Girls, can we talk? When it comes to "Sex and the City," the breathlessly anticipated feature adaptation of the hit HBO show, the question isn't whether it's good. The question is whether it delivers the goods -- the goods being shoes, romance, ribald humor, shoes, sex, shoes, pithy observations about single life in New York and more shoes.
With its unapologetic materialism, raunchiness and heroines who managed to be sympathetic even in the midst of almost pathological self-absorption, "Sex and the City" became one of the most successful guilty pleasures in the history of Sunday night TV. And judged by the standards of its original medium, the movie version succeeds just as well, cramming what used to take a whole season into a nearly 2 1/2 -hour marathon of men, misery and Manolos.
As "Sex and the City" opens, Carrie Bradshaw (Sarah Jessica Parker) explains that "year after year, 20-something women come to New York City in search of the two L's: labels and love." Then commences an opening montage that neatly telegraphs the past story arcs of Carrie and her three best friends, bringing them to the present day, four years after we said goodbye (the series ended in 2004). "Sex and the City" begins at the happy ending for Carrie & Co.; the challenge for writer-director Michael Patrick King, who wrote most of the show's episodes, was to inject a credible degree of conflict and suspense into the women's picture-perfect scenario. That he does, with a whopper that, even if it's not entirely unexpected, still lands like a blow to Carrie's perfectly toned solar plexus when it arrives an hour in. That twist efficiently puts the focus where it belongs in "Sex and the City": on Carrie, her friends and their relationship of acceptance and support.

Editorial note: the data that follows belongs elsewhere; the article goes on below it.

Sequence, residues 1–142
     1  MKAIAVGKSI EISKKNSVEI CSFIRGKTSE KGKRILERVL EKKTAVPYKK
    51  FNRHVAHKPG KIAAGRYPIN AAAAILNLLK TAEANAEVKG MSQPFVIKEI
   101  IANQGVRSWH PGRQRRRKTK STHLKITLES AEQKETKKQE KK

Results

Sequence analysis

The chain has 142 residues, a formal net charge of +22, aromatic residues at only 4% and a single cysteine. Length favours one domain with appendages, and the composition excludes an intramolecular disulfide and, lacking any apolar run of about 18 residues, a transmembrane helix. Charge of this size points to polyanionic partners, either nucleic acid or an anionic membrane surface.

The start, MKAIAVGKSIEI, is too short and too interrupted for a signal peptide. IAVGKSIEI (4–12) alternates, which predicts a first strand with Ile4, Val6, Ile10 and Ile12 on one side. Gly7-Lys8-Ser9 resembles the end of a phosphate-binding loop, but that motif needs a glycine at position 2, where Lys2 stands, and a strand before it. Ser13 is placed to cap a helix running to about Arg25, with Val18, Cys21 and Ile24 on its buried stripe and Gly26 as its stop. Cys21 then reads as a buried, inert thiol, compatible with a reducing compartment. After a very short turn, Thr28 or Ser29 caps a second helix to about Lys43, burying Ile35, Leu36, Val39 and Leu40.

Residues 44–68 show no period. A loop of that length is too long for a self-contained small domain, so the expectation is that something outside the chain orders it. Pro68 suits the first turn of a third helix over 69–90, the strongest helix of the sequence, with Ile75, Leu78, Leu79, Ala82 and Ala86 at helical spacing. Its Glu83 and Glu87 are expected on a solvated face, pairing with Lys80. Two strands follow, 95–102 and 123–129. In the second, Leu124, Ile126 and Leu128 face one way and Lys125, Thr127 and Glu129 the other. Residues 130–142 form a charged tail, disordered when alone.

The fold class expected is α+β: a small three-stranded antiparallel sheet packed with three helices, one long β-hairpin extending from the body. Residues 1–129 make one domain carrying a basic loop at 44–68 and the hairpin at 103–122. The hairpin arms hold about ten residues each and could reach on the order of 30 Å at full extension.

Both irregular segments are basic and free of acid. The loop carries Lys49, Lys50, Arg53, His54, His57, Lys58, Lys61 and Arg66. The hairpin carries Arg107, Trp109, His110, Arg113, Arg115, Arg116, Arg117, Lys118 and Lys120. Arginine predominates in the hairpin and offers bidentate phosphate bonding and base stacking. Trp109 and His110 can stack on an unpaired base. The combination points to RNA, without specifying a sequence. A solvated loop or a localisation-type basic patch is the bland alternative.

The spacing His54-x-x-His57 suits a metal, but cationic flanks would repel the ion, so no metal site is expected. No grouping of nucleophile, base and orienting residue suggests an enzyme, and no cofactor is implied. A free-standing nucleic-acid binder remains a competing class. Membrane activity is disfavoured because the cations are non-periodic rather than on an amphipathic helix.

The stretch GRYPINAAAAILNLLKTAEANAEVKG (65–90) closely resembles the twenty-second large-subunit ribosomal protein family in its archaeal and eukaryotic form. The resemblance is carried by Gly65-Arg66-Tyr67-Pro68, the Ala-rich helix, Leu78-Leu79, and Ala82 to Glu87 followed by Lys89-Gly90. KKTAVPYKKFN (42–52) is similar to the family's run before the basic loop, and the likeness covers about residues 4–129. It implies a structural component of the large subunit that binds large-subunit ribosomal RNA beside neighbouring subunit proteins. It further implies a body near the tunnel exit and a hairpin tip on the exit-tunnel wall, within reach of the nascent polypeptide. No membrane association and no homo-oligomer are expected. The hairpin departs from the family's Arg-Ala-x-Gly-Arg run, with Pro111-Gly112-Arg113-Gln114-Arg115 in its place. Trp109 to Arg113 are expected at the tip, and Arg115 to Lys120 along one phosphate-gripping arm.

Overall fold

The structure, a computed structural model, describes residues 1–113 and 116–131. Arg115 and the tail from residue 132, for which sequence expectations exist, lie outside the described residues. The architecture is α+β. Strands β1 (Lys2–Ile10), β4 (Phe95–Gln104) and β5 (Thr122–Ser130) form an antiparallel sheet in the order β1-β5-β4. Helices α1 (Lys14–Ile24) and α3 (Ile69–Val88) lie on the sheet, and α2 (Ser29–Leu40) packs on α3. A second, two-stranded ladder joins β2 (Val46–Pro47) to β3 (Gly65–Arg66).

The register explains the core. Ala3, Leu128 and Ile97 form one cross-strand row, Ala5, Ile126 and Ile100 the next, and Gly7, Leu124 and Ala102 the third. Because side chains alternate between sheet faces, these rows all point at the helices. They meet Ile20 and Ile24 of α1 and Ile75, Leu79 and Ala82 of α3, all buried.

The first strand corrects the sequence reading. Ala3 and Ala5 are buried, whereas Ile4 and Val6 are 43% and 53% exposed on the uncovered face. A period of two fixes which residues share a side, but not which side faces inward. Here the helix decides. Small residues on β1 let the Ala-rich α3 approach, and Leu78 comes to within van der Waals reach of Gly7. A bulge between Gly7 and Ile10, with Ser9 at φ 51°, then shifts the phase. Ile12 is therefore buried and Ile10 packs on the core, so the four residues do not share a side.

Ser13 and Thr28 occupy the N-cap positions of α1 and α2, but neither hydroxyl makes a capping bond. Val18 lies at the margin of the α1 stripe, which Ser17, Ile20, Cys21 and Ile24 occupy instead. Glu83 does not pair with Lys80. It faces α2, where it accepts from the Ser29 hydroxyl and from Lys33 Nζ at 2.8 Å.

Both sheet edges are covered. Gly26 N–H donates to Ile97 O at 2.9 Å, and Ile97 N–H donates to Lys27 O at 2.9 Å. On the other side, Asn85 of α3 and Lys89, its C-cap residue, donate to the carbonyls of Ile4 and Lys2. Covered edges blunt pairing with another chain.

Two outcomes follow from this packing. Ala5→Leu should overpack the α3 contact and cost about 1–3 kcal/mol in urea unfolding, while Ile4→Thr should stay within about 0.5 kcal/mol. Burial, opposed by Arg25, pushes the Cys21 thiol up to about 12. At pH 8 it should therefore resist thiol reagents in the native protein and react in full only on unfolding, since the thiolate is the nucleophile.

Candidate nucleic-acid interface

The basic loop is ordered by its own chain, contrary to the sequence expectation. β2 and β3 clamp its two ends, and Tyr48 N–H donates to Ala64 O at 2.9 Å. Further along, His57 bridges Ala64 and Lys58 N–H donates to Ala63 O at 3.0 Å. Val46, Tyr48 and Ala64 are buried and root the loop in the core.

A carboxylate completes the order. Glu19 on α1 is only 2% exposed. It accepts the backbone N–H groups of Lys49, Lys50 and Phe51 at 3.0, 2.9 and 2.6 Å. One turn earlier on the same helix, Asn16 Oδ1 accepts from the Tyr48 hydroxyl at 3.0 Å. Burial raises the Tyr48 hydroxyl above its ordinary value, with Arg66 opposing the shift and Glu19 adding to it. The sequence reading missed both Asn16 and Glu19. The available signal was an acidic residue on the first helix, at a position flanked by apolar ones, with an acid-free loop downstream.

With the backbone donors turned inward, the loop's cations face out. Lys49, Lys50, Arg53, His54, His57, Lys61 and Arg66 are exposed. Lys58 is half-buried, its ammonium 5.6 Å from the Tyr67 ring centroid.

"Sex and the City" has clearly and lovingly been made for the show's devoted fans, so newcomers to the story might be puzzled at the movie's worship of Louis Vuitton purses and the silly women who carry them. It's true that Carrie, Miranda, Charlotte and Samantha are appallingly shallow and narcissistic; their friendship often seems based on the fact that they're simply each other's best mirrors. It's also true that time, and King, have been kinder to some characters than others. Miranda, it seems, has become even more brittle and unforgiving than before, whereas Samantha, the sex-obsessed cougar of the bunch, turns out to be even more warm, nurturing and vulnerable than some viewers might remember (and still just as racy). One of the great pleasures of "Sex and the City" is how the filmmakers embrace their characters' advancing ages, frankly addressing such issues as waning sexual desire and weight gain even while celebrating over-40 fabulosity.
-- Ann Hornaday (May 29, 2008)
Contains strong sexual content, nudity and profanity.